Voters in their 40s turn away from GNP

Posted on : 2011-10-28 11:25 KST Modified on : 2019-10-19 20:29 KST
Increased hardship under Lee administration cited in dissatisfaction with GNP

By Kim Jong-cheol, Senior Staff Writer and Kim Hyo-jin 
Yoo, a 49-year-old Seoul-based businessman and primary income earner for his family, considers himself a conservative. A native of Daegu, he cast his vote at the last presidential election for President Lee Myung-bak. He also opposes the public provision of free school lunches, saying it is populist in character. On Oct. 26, at the Seoul mayoral by-elections, he voted for unified opposition candidate Park Won-soon.
Yoo explained, “I had high expectations that life would get better if Lee Myung-bak became president. But nothing has become better. On the contrary, all he has done is come up with policies that protect the vested rights of privileged people. Why should I give [his party] my vote? Most of the people I know that normally vote for the Grand National Party (GNP) turned to Park Won-soon this time, saying that the world had to change.”
The “revolt” among those in their 40s at Wednesday’s Seoul mayoral by-election was striking. Exit poll results from the country’s three major broadcasters show that 66.8% of voters in this age group supported Park Won-soon. Support for the GNP (i.e. candidate Na Kyung-won) amounted to only 32.9%, meaning that those in their 40s cast more than twice as many votes for the opposition as for the ruling party. Compared to the 2007 presidential election, when exit polls by broadcaster SBS indicated that 50.6% voters in their 40s chose GNP candidate Lee Myung-bak and only 27.1% supported Democratic Party Chung Dong-young, Wednesday’s vote represented a complete reversal in public sentiment in this age range.
The biggest reason for this quadragenarian about face was a fall in quality of life, including housing instability, increased child education costs and job worries.
“Since the MB (Lee Myung-bak) government came to power, most small and medium enterprises that are not sub-contractors of big businesses have gone under or are floundering,” said 48-year-old Na, who works in construction. “I wanted to pass judgment on those in power.”
Unlike Yoo and Na, 47-year-old Kim is an executive at a finance company and belonged to the so-called “386 generation,” which was involved in student campaigns and protest movements during its university years. His motivation for voting for Park lay not in problems of basic livelihood, but of social justice. “If you are going to be conservative, you have to orient yourself toward a proper form of conservatism that swells the ranks of the middle classes, but the current powers that be are using policies that worsen polarization,” he says. “It seemed there was a need for some kind of new change, even if it did not mean the ideal society I dreamed of in my student days, so I was busily advising people around me to vote for Park.”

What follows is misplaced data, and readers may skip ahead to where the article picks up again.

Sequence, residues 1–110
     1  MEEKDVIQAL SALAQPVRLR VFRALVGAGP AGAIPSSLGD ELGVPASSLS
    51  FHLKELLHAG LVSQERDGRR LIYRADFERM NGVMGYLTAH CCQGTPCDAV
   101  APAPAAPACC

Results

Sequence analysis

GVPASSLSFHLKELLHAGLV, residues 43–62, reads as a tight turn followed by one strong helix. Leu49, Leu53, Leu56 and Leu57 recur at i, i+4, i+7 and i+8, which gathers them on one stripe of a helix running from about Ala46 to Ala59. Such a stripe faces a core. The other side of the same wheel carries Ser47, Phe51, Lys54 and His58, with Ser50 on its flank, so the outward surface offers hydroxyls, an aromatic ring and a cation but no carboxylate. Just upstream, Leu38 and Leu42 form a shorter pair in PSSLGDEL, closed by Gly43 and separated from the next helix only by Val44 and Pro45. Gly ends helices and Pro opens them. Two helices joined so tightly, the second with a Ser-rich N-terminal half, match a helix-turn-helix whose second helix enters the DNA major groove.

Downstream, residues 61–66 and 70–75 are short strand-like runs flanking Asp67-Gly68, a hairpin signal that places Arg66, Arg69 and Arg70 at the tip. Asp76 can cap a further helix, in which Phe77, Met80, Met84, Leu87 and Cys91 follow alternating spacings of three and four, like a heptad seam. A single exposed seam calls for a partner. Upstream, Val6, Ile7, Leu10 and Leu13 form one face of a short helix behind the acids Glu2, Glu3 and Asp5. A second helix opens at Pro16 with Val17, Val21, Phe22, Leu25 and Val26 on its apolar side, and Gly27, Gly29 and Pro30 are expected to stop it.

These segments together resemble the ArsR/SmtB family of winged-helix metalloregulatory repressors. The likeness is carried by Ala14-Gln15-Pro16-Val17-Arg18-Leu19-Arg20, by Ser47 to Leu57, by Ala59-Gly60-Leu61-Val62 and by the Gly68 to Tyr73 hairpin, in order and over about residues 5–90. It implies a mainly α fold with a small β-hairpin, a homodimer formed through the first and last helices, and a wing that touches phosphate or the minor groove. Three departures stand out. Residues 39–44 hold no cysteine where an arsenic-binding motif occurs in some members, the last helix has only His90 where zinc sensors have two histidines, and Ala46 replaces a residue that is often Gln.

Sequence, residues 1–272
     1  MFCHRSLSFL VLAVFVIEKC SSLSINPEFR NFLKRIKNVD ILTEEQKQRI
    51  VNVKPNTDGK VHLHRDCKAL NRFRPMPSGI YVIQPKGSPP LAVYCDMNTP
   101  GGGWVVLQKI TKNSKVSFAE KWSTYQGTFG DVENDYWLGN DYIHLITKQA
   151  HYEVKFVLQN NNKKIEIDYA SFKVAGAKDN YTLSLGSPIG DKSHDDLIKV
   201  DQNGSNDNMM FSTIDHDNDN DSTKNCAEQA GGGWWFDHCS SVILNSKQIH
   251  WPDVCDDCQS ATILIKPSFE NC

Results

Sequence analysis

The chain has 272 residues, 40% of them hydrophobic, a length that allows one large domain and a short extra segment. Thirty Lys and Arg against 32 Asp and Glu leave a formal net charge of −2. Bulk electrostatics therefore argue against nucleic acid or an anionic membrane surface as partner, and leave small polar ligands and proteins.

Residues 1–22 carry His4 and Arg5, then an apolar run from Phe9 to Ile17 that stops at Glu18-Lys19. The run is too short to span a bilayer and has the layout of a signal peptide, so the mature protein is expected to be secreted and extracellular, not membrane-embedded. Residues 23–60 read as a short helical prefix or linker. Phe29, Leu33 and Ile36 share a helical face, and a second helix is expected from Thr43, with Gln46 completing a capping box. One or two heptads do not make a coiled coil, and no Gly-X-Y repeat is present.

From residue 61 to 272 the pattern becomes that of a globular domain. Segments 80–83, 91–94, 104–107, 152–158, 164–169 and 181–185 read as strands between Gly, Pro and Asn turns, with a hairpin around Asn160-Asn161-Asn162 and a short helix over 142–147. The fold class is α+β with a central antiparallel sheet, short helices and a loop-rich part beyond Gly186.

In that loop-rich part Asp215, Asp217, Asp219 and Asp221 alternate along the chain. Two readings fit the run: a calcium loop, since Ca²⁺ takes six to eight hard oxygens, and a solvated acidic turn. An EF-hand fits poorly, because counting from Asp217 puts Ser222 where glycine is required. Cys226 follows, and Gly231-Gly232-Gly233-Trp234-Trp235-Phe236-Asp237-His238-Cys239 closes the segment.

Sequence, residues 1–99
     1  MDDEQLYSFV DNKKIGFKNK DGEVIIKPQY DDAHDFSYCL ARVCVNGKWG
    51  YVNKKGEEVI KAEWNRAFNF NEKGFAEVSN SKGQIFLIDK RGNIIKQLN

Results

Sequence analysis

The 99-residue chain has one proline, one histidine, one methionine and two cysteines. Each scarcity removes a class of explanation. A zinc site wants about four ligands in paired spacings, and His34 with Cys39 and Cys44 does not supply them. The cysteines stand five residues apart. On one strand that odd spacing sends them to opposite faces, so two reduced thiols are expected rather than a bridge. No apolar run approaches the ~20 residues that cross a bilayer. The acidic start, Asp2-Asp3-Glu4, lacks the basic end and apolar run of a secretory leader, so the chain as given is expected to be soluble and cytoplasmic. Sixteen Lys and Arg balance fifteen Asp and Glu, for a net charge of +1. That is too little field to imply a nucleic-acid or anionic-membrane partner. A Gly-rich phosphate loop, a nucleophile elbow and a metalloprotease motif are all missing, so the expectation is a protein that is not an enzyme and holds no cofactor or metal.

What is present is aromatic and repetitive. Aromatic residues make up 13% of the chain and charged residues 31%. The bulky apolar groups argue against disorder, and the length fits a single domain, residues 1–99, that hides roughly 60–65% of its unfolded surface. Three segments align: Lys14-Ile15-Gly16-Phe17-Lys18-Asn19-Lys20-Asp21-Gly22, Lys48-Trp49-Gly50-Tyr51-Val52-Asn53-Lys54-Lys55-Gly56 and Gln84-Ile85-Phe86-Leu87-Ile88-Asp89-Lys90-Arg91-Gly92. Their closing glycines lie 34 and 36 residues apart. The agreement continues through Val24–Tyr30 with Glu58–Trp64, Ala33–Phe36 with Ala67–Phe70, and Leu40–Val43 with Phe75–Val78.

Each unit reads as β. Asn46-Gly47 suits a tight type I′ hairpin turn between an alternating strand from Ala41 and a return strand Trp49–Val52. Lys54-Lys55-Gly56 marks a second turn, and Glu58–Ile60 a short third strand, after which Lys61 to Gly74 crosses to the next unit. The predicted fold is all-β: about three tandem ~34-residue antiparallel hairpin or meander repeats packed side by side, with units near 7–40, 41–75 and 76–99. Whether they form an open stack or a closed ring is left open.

In any society, those in their 40s are not only a middle generation, but a core one that plays a pivotal role when it comes to level of activity and the right to speak. At the local elections on June 2 last year, they accounted for 22.4% of all voters and constituted the widest stratum in the age pyramid. This is why those in their 40s are regarded as a trend-setting generation in terms of public opinion, which sways election results and the direction in which society proceeds. Victory in next year’s general and presidential elections, too, is unthinkable without the support of this age range.
“As the sense of expectation regarding MB of four years turns to disappointment, it seems that those in their 40s, who lead active lives in society, feel betrayed,” said Seoul National University Professor Kang Won-taek. “Without large-scale change on the part of politicians, especially those in power, it appears that next year’s general election will go the same way. Depending on its result, this could continue to the presidential election.”
Please direct questions or comments to []

Most viewed articles